Grace Wynne-Jones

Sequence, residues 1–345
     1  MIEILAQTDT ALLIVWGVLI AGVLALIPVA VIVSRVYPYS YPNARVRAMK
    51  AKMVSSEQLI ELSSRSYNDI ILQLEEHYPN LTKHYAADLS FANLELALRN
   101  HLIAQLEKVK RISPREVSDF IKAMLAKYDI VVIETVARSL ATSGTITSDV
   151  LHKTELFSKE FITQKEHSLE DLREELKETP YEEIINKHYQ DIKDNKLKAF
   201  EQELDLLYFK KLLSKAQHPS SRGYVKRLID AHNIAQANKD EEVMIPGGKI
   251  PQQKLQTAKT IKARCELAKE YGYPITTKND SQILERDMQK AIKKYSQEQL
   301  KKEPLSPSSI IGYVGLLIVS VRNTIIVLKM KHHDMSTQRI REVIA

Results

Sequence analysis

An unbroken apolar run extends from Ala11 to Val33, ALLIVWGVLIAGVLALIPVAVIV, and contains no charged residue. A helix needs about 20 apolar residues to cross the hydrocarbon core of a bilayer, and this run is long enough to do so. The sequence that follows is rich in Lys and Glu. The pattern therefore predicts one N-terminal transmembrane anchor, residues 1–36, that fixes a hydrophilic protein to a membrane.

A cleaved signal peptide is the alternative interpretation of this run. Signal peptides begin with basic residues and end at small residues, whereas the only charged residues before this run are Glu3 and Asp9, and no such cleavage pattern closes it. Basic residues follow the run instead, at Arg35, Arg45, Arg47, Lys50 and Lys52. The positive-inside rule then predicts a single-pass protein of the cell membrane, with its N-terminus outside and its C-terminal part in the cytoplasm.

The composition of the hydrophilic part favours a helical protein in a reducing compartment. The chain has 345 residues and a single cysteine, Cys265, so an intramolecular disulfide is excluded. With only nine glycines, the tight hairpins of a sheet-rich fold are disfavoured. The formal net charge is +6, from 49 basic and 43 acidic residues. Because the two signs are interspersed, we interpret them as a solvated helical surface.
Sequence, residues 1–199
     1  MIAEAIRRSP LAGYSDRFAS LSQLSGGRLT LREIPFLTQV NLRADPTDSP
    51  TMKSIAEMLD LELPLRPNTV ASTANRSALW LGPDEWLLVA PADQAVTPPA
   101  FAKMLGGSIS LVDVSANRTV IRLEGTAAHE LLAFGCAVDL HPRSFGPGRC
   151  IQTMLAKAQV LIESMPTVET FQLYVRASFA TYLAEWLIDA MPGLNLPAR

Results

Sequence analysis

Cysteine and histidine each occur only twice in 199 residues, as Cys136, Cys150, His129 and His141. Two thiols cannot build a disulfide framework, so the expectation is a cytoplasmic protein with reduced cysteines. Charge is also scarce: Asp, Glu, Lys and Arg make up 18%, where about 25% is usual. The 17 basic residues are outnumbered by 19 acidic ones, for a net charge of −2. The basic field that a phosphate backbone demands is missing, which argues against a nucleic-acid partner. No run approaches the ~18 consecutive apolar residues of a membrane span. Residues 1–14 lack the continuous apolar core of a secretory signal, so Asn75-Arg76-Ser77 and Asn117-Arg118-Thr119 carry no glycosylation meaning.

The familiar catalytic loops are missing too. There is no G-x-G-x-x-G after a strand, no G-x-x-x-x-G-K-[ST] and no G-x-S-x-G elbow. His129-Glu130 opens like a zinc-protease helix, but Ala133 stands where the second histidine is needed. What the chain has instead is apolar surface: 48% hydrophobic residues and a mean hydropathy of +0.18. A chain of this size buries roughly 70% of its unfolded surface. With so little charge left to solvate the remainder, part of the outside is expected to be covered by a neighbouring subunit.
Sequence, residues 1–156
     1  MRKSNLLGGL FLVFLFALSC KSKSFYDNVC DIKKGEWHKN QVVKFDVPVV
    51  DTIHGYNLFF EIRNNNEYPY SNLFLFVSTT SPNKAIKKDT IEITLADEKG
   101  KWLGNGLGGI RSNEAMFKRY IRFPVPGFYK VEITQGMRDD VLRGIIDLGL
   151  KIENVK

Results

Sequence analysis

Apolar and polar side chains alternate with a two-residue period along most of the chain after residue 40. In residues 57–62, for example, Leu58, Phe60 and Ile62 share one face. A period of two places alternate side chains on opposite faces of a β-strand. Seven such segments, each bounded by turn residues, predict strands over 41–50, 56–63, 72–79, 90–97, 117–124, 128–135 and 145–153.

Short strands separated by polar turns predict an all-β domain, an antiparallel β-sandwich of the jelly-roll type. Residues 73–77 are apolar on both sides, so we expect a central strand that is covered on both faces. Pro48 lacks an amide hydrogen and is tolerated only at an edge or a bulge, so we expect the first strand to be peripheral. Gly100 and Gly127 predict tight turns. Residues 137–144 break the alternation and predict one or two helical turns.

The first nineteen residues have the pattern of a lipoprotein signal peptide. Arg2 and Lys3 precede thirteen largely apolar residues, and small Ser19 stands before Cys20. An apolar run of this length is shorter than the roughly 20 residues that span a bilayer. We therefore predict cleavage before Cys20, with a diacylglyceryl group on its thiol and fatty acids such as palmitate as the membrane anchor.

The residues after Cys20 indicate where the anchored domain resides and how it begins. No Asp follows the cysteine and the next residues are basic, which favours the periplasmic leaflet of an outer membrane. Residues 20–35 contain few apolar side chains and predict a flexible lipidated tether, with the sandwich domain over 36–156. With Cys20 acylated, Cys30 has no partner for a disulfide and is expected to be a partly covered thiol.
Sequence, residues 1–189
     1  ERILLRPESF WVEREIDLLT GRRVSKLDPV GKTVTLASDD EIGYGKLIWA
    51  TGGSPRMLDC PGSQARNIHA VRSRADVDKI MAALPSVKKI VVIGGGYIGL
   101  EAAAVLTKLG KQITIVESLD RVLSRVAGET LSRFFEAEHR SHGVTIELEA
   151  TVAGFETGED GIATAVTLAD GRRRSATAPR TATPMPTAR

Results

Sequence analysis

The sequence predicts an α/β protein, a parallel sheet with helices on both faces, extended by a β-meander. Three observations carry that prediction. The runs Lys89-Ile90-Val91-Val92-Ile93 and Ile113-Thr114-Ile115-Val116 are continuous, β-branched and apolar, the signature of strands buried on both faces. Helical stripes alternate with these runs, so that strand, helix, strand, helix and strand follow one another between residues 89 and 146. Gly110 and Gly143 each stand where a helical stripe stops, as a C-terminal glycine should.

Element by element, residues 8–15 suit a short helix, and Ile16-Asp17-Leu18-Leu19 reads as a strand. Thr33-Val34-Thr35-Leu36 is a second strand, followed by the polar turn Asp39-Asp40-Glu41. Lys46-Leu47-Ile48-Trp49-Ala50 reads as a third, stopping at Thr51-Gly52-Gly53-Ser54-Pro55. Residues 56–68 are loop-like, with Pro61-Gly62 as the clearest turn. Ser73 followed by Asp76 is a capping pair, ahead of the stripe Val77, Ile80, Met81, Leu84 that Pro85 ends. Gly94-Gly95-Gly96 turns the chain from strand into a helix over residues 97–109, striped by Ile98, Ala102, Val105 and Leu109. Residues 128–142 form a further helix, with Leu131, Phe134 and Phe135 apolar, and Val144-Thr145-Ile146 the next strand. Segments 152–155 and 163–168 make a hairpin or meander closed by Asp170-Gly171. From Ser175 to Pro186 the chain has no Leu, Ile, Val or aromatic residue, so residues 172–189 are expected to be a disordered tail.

Grace wrote her first book when she was about eleven. It was called ‘Stories For Everyone’ and she described it in a recent newspaper article:‘A self-published work with a print run of one copy, it featured a woman, a horse and a puppy on the cardboard cover, and the singer John Paul Jones on the back. It contained two stories. One was about my pony Merrylegs and another was about the joys of nature, so it didn’t quite live up to its title. But Mum and Dad liked it. Encouragement is invaluable to a budding author…Though I still adore ponies and nature these days I have extended my subject-matter. For example women’s lives fascinate me. And writing about them helps me to make sense of my own experiences. What’s more, I make all sorts of new friends as I type the chapters. Characters sometimes just seem to turn up, and I greet them hoping that they will share their hopes and disappointments, their fears and dreams and perplexities. I love intimacy in ordinary life…people who seem to understand. People I don’t have to pretend with. And that’s what the characters in my novels ask of my friendship with them. They want to take off their masks and tell it how it truly is. Sometimes male characters do this too and I almost fall in love with them. For example I find Charlie in ‘Ordinary Miracles’ deeply fanciable. And Nathaniel in ‘The Truth Club’ would make a most wonderful confidant.‘One of my biggest pleasures is when a reader says they have felt understood by a novel. This is often because a character has admitted to feelings they themselves have never been able to share. For example a number of readers of ‘Ordinary Miracles’ told me they felt I had somehow been spying on their marriages. One person even described the book as: ‘Victoria Wood meets Shirley Valentine’. Jasmine, the main character, has just turned forty and reads books like ‘No Need To Panic: Courageous Acts Of Change In Women’s Lives’. She discovers that her husband has been having an affair, but long before that she was wondering what had happened to her dreams. She confides in her daughter’s teddy and has torrid fantasies about a famous actor. Desperation eventually sends her on a quirky journey of self-discovery and there are tears and epiphanies and adventures and, importantly, laughter. I love writing humour. I like my novels to contain many notes and contrasts, like in music. But as the saying goes, certain chords always reach the heart in the same way.’‘Ordinary Miracles has that rare combination of depth, honesty and wit…and all of this backed by a deliciously soft, gentle and loving humour…If you try one new author, try Grace Wynne-Jones.’ OK MAGAZINE‘Grace Wynne-Jones has a wicked sense of humour which enlivens every page…Alice and her friends, and her hilarious magazine assignments, attimes leave the reader rocking with laughter.’ THE IRISH TIMES re. ''Wise Follies'‘…this is one of the best Irish novels this year…The trip to Greece is steeped in olives and jasmine, cicadas and sunshine…readers will love the local gigolo, Dimitri. Grace writes with great humour…On a more serious note, her portrayal of friendship, commitment and the complexity of relationships is very real and most enjoyable.’ EVENING HERALD re. 'Ready Or Not?'‘…..Grace Wynne-Jones has written an entertaining, intelligent and genuinely funny story….this is a great read, especially for commuters…guaranteed to shorten any journey.’ THE IRISH TIMES re. 'The Truth Club'BIOG'Grace Wynne-Jones has been described as a novelist who 'tells the truth about the human heart'. Her first novel 'Ordinary Miracles' (Accent Press) recently arrived back in the bookshops, and when it was first published in 1996 it went to auction and received rave reviews. She also received heartfelt letters from readers. “Many of them had been through painful marriages like Jasmine, the heroine in the book


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